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09 Aug 2008 07:54
Russia’s military said on Saturday it was sending reinforcements into South Ossetia, a breakaway region of Georgia where Russian forces are supporting separatists under assault from Georgian troops.
The announcement by Moscow’s military upped the stakes in a stand-off between Russia and the pro-Western Georgian leadership that has sparked alarm in the West and led to angry exchanges at the United Nations reminiscent of the Cold War.
With Washington the main backer of Georgian President Mikheil Saakashvili, the United States State Department called in a top Russian diplomat to urge Moscow to halt military involvement in the conflict that erupted in earnest late on Thursday night.
In South Ossetia itself, Russian media reported shelling of the regional capital, Tskhinvali, over Friday night and said Georgian forces were responsible.
Each side blamed the other for the outbreak of fighting in the pro-Moscow enclave, which broke from Georgia as the Soviet Union neared collapse in the early 1990s.
Colonel Igor Konashenkov, an aide to the Russian infantry commander, was quoted by Russian news agencies as saying units of the 58th army had arrived in Tskhinvali overnight to bolster troops acting as peacekeepers and would seek to “establish peace”.
Additional “special units” would arrive “in the next few hours”, he said.
Konashenkov said three members of the Russian peacekeeping units had been killed overnight, bringing total losses to 15.
The separatist rebels, who have enjoyed de facto independence from Georgia for more than 15 years, say they want to unite with North Ossetia which is part of Russia. They have won no international recognition for their break with Tbilisi.
Russia, which is angered by Saakashvili’s pro-Western policies and his drive to join the Nato military alliance, say they are acting to defend Russian citizens in South Ossetia.
Many of these have been granted Russian citizenship over the past 15 years.
Analysts say the violence has the potential to ignite wider fighting in the volatile Caucasus region.
Russian tanks moved through the region on Friday and television footage showed “katyusha” rockets being fired from the back of trucks.
Each side said it was in control of Tskhinvali, which clearly sustained heavy damage in the fighting.
But it was not clear who held the military advantage.
Saakashvili said the town, nearby heights and most villages were under Georgian control.
In Gori, a Georgian town outside the separatist region, hundreds of Georgian reservists lounged about in the main square on Saturday morning, awaiting official orders to proceed to South Ossetia.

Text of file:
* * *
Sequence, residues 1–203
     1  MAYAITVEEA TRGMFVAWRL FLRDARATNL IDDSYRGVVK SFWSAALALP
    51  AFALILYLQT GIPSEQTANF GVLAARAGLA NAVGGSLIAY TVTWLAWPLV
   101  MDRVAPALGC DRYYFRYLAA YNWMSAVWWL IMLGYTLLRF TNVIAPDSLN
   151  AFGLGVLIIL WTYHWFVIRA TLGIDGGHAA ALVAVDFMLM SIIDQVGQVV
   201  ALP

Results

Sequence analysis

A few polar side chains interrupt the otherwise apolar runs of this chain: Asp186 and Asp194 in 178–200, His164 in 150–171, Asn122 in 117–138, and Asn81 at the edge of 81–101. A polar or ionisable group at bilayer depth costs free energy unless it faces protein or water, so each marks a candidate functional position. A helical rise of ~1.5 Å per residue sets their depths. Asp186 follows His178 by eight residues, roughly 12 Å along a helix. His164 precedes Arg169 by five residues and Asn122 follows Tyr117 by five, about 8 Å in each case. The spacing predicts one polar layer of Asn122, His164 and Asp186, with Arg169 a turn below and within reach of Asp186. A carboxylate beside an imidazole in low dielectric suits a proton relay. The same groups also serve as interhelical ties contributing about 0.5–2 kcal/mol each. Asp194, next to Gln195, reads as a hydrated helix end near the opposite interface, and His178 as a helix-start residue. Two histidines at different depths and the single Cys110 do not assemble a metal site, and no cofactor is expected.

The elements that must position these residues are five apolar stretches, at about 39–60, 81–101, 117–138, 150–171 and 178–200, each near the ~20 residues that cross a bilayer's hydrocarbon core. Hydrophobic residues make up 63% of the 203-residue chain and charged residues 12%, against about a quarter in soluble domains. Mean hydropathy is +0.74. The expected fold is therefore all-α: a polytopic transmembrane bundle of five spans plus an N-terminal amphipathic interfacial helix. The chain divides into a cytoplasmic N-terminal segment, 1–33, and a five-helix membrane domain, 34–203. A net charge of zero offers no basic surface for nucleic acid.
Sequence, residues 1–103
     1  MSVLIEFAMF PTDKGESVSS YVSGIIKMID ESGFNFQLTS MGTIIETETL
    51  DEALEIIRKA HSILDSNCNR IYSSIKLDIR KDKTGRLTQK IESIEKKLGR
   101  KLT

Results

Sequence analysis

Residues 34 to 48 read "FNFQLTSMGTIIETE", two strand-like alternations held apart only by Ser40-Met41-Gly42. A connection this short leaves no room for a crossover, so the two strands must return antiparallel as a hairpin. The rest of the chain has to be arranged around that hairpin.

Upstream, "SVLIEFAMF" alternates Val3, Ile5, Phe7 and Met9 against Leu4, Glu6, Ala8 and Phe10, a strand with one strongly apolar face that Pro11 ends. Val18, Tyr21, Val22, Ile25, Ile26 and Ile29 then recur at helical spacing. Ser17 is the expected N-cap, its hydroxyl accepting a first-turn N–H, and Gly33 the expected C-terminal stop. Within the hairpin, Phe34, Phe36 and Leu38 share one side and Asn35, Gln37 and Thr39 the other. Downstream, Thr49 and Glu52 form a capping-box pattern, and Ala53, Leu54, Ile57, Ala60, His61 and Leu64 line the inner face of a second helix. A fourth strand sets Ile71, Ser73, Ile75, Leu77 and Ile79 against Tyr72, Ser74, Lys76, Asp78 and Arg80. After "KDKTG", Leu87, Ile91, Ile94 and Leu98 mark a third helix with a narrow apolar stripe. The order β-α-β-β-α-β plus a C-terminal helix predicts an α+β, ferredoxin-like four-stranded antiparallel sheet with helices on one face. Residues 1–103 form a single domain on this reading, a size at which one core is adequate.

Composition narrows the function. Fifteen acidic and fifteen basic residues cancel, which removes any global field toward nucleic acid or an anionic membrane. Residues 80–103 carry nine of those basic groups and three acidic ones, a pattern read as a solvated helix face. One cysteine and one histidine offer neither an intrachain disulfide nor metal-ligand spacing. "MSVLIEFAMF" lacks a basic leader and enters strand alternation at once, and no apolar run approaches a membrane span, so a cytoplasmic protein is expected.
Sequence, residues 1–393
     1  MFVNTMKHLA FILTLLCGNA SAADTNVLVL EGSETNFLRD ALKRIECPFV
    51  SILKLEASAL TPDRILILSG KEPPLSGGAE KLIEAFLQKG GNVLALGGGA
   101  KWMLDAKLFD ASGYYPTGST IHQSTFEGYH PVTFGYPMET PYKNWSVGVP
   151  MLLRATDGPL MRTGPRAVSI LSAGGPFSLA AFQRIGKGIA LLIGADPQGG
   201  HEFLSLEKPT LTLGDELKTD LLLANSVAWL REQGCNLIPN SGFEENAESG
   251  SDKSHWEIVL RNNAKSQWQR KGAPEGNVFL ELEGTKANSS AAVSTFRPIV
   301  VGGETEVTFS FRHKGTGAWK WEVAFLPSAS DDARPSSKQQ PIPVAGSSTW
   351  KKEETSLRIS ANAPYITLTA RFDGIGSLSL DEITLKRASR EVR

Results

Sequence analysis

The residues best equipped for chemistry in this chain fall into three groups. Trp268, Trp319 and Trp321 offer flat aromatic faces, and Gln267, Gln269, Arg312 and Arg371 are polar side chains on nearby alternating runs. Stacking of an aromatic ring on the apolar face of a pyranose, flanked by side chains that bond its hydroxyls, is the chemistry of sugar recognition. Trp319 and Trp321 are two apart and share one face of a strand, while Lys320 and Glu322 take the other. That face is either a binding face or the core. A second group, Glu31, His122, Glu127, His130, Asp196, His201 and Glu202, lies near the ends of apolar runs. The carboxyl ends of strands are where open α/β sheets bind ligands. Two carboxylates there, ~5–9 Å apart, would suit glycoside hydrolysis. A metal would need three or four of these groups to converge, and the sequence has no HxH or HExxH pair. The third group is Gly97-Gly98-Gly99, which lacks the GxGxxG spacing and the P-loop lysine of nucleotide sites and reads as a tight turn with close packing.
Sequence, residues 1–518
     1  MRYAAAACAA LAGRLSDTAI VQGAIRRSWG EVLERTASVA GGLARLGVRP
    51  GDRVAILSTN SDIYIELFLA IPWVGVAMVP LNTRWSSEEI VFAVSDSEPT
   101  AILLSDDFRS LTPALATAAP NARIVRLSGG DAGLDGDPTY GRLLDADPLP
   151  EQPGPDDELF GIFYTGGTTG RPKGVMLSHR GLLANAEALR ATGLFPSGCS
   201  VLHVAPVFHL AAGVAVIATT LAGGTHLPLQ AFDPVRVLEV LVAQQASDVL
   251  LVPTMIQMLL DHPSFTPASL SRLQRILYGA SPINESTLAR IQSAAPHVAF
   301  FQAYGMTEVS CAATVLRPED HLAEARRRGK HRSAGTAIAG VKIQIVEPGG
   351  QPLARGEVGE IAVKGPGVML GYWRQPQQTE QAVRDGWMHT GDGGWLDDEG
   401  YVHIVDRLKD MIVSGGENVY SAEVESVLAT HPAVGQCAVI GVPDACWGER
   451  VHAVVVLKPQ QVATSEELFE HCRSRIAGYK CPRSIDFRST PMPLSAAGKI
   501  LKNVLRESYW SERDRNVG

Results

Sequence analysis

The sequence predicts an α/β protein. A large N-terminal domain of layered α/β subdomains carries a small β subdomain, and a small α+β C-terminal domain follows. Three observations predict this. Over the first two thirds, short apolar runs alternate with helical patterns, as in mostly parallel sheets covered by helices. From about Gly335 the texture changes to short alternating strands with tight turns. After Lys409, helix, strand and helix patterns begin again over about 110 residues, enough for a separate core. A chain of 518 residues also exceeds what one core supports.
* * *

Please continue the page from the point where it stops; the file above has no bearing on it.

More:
The president of the separatist region, Eduard Kokoity, said 1 400 people had been killed. This figure could not be independently confirmed.
Moscow said its troops were responding to a Georgian assault to take back the region.
Russian television showed women, children and elderly residents crowding into a local bomb shelter and said water was in short supply and power cut off to most districts.
It showed busloads of refugees arriving in adjacent areas of Russia populated by ethnic Ossetians and queues of “volunteers” eager to get to South Ossetia to help their kin.
The United States earlier called for an immediate Russian pull-out.
The Russian Charge d’Affaires in Washington, Aleksander Darchiyev, was summoned to see Deputy Secretary of State John Negroponte, who pressed Moscow to halt military action.
“The deputy secretary said that we deplore today’s Russian attacks by strategic bombers and missiles, which are threatening civilian lives,” State Department spokesperson Robert Wood said.
“These attacks mark a dangerous and disproportionate escalation of tension.”
Heated UN exchanges
For the second day running, the United Nations Security Council failed to agree on a resolution to end the fighting as Russian and Georgian envoys at the UN hurled accusations at each other.
In Tbilisi, the secretary of Georgia’s Security Council, Kakha Lomaia, said Saakhashvili would impose martial law within hours.
Russia, Lomaia said, had bombed facilities at the Black Sea port of Poti, an important oil loading site, and a military base in Senaki as part of what authorities believed was the start of attacks on civilian targets and infrastructure.
The Ossetia confrontation draws attention to a region hosting energy transit routes and gripped by competing interests in the West and Russia.
It was Kremlin leader Dmitry Medvedev’s first big diplomatic crisis since taking office in May. It sapped investor confidence and hit the Moscow stock exchange.
In Gori, the main square was teeming with reservists anxious to prove their mettle against the separatists. Some slept on the steps of a towering statute of Soviet dictator Josef Stalin who was born there.
“I just arrrived,” said Sergo Nadiradze (20). “I’m waiting for the order to go to Tskhinvali.”
Political analysts saw Georgia’s bid to retake the region by force as a gamble to restore control over both South Ossetia and Abkhazia, another separatist region on the Black Sea.
But Saakashvili said on television: “What Russia is doing in Georgia is open, undisguised aggression and a challenge to the whole world.” - Reuters
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